Thursday, June 18, 2009

Indian Wildlife - Some news from Of Cats.

To India now. Some good news for Asiatic Lions in India as their population goes up in the Gir forest, their sole sanctuary. The rise is attributed towards a significant number of healthy cubs that are being reported in Gir this year. More good news from Gir is that the government there has doubled the grant money for covering up of the wells across the forest. Numbering in thousands across the reserve these abandoned wells have been responsible for the death and injury of dozens of lions who have succumbed by falling into them. Fortunately they are being covered at an increasing rate now, thanks to money raised by conservationists and provided by the government, and hopefully will be fully covered by the end of this year. More on the two positive developments here and here.

There's some negative news coming from Gir too. Barda wildlife sanctuary in the proximity is being threatened by mining. A number of mining projects have been set up in the reserve's periphery, perhaps not in full accordance with laws. The news has emerged only recently, not long after government announced an initiative to shift some of the lions from Gir to there. Disconcerting news therefore for the lions and wildlife of Barda, that will certainly be affected adversely if the mining ventures continue in the sanctuary. More here.

Bengal Tiger
To tigers now. And there is a mix of good and bad news here. First the good news. The Indian government has taken some major initiatives recently for protecting its Bengal Tigers. The first involves drastically altering the travel itineraries of tourists across its forests. The authorities are attributing the decline of the striped cats partly to the visitors' interference in tiger's breeding grounds. As a result the movement of tourists across the core areas of tiger reserves is now being restricted. However, it remains to be seen if the move will play a decisive role in saving the tiger in the long run, for there are some counterarguments against it too. To read them and more about this move go here and here.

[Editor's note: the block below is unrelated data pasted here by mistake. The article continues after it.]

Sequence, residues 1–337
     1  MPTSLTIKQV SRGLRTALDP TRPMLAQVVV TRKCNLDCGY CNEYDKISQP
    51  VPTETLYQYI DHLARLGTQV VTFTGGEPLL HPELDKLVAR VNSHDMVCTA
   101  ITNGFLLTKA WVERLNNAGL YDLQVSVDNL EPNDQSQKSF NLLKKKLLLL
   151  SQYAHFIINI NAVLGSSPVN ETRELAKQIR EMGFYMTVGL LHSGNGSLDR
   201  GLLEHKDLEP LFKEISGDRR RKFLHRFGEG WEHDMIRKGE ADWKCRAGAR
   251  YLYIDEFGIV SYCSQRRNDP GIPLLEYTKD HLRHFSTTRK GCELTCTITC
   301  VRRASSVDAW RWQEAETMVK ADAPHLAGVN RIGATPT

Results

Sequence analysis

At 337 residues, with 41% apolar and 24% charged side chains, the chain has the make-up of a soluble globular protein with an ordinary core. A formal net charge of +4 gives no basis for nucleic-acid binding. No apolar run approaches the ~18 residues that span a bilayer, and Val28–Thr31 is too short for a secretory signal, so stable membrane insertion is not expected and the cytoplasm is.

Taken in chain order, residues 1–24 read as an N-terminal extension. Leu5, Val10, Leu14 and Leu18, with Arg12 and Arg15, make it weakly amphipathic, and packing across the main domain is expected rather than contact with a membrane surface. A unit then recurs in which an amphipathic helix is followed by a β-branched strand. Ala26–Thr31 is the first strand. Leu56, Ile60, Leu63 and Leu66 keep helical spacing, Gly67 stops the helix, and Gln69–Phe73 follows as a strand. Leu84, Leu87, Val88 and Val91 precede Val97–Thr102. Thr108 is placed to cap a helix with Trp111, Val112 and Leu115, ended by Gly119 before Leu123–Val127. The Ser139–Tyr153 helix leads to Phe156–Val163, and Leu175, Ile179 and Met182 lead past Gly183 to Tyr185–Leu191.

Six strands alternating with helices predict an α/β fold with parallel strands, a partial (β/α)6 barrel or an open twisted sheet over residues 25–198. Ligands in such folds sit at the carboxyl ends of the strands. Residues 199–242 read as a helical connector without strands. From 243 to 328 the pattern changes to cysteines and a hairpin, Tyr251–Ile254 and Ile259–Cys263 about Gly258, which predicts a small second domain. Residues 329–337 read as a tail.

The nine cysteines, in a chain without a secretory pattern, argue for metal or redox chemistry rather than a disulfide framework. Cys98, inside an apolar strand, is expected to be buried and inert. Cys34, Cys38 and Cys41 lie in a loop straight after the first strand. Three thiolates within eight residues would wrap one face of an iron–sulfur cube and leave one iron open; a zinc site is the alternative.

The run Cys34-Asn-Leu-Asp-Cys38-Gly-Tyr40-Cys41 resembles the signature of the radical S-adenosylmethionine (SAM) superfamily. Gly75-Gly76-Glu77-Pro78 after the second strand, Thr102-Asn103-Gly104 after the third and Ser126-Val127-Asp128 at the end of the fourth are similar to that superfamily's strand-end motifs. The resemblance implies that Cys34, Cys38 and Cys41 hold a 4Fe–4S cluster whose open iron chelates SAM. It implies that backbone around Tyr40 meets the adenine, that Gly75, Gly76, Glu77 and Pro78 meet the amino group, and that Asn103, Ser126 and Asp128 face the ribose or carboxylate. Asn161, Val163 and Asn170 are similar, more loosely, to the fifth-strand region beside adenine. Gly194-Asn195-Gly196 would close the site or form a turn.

Another significant move for tiger conservation in India is the announcement by officials there to relocate away from the forests nearly one hundred thousand families who are residing in and around tiger reserves in India. A landmark move, this will entail nearly a decade of work and one hundred billion Indian Rupees, or roughly two billion US Dollars. Let us hope that this bears fruition for the tigers and wildlife in due time across India. The full report here.

In some forests across India though, government is currently employing the tribal population to help protect the wildlife. One example is that of Mudumalai Tiger Reserve near Udhagamandalam, one of the best preserved sanctuaries in the region. Here the wildlife department is employing the locals to patrol the forest and help the authorities protect the fauna and flora. A unique and somewhat refreshing approach towards conservation that may be sustainable in the form of development of ecotourism and employment of the natives. More on this here.

In more good news, the relocated tigers in Sariska have mated, leading to the possibility to a litter by the coming rainy season. Just a few years ago Sariska tiger reserve was wiped clean of all its tigers by poachers. Over the course of past few months a male and two female tigers were relocated there to repopulate the forest. And now it appears that a new generation indigenous to Sariska may soon reappear. More here.

Some bad news now. A decline in tiger number has been reported from forests in the Indian states of Bihar, Madhya Pradesh and Maharashtra. In Bihar tiger numbers fell from fifty six to just thirteen over the past seven years, a significant decline attributed largely to poaching. And in Madhya Pradesh five tigers have been lost in the past year or so. In Tadoba Andhari Tiger Reserve in the state of Maharashtra, twenty tigers have been lost in the past five months alone. An alarming rate of decline. It appears that despite the best efforts and apparent good intentions of authorities, the great Bengal Tiger continues to disappear from forests. More on these sad news here, here and here.

Another threat to tigers in India - a national highway that is being constructed through the world's largest tiger habitat in Satpura, central India. The road will have quite an adverse impact on the wildlife and ecosystem of the reserve. The conservationists have already lodged their protests against this to the central government. More on this here. And to read an article on tiger conservation and how you can help, go here.



C.R.Jayaprakash said...

Parambikulam Tribal Reserve uses Tribals in a better way than at Mudumalai. Tourism menace is kept under strict vigil here.


Thanks, Mr C R Jayaprakash